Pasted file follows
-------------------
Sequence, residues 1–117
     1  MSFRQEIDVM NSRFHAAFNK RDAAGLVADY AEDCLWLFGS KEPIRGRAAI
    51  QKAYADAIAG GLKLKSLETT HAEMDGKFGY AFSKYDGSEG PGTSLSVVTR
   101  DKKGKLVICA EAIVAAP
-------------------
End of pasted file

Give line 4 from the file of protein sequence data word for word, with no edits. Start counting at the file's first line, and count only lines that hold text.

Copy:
   101  DKKGKLVICA EAIVAAP